No company wants to fall victim to hacking, yet many firms fail to take the necessary precautions to keep risks to a minimum. Focusing on securing your own weak points is essential, of course, but you also need to take a look at the entire supply chain to ensure there are no vulnerabilities.
Weak points in a supply chain can lead to hacking incidents that have very far-reaching ramifications. This is what happened in the widely publicized Target incident that took place in 2014, when the details of more than 70 million customers were hacked through the supply chain.
The hackers managed to get through using a third-party HVAC service after determining it was vulnerable. In fact, the supply chain is where the majority of data breaches are believed to originate. Big companies like Target have thousands of product and service suppliers, and it only takes a slip-up by one of them to make the entire company vulnerable. With so much of the information traveling through the supply chain being digital, the potential for havoc is tremendous. Some hackers do this for financial gain, while others do it to collect sensitive information for competitive advantages. Even when the hacking is done just for “fun”, it can be a PR nightmare.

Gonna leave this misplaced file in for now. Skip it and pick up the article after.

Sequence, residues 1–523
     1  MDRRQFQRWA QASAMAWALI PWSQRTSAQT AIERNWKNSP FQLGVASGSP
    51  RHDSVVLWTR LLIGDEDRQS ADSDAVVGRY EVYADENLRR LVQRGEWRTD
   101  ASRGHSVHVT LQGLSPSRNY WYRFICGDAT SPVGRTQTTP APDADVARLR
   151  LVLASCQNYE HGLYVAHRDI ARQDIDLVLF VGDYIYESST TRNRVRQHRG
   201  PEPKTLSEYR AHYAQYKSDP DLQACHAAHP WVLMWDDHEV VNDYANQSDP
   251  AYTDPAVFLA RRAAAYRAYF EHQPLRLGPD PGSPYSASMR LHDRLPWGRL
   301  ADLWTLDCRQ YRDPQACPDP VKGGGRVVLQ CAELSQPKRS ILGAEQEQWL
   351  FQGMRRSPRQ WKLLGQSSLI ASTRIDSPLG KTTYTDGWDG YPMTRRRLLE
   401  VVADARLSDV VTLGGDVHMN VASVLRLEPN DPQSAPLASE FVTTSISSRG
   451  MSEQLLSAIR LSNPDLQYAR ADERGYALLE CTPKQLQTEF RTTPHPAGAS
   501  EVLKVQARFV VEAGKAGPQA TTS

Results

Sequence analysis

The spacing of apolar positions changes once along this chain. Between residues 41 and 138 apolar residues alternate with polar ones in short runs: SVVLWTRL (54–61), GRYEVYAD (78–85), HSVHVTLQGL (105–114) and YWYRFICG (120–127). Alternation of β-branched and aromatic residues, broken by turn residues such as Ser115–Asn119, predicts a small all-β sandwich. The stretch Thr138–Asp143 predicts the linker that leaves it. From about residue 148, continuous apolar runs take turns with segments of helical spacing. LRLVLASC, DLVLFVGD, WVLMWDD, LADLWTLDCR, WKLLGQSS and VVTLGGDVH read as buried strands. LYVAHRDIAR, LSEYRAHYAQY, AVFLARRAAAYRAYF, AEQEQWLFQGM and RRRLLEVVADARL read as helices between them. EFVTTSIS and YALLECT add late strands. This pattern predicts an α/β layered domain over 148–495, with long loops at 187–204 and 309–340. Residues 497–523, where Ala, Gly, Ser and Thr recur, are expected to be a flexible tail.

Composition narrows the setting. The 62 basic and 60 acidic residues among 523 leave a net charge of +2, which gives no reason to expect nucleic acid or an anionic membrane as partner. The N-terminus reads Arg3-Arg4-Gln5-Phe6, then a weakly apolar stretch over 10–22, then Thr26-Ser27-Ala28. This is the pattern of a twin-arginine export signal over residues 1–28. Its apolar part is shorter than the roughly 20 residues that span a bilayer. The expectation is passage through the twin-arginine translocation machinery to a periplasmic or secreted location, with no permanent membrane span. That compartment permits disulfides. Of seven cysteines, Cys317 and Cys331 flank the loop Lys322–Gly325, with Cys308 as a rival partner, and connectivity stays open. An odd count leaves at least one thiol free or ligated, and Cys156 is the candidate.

Minimizing the Risk
Cyber attackers are becoming increasingly savvy, and it’s simply not possible to eliminate these attacks entirely. However, there are plenty of measures that can be taken to help reduce the chances of being targeted.
First of all, companies need to identify their suppliers and partners’ cyber security risks and make sure to only use approved vendors that follow acceptable protocols. It is also vital to evaluate suppliers on a regular basis in order to determine their strengths and weaknesses. A strong familiarity with contracts and agreements make it easier to keep tabs on what suppliers are doing.
This blog post was based off of an article from Supply Chain Digital. View the original here.